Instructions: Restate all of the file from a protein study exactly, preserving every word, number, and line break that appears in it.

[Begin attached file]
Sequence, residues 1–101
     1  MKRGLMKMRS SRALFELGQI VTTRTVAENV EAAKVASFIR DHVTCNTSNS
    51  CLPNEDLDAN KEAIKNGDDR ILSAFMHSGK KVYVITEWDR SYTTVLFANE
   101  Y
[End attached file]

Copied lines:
Sequence, residues 1–101
     1  MKRGLMKMRS SRALFELGQI VTTRTVAENV EAAKVASFIR DHVTCNTSNS
    51  CLPNEDLDAN KEAIKNGDDR ILSAFMHSGK KVYVITEWDR SYTTVLFANE
   101  Y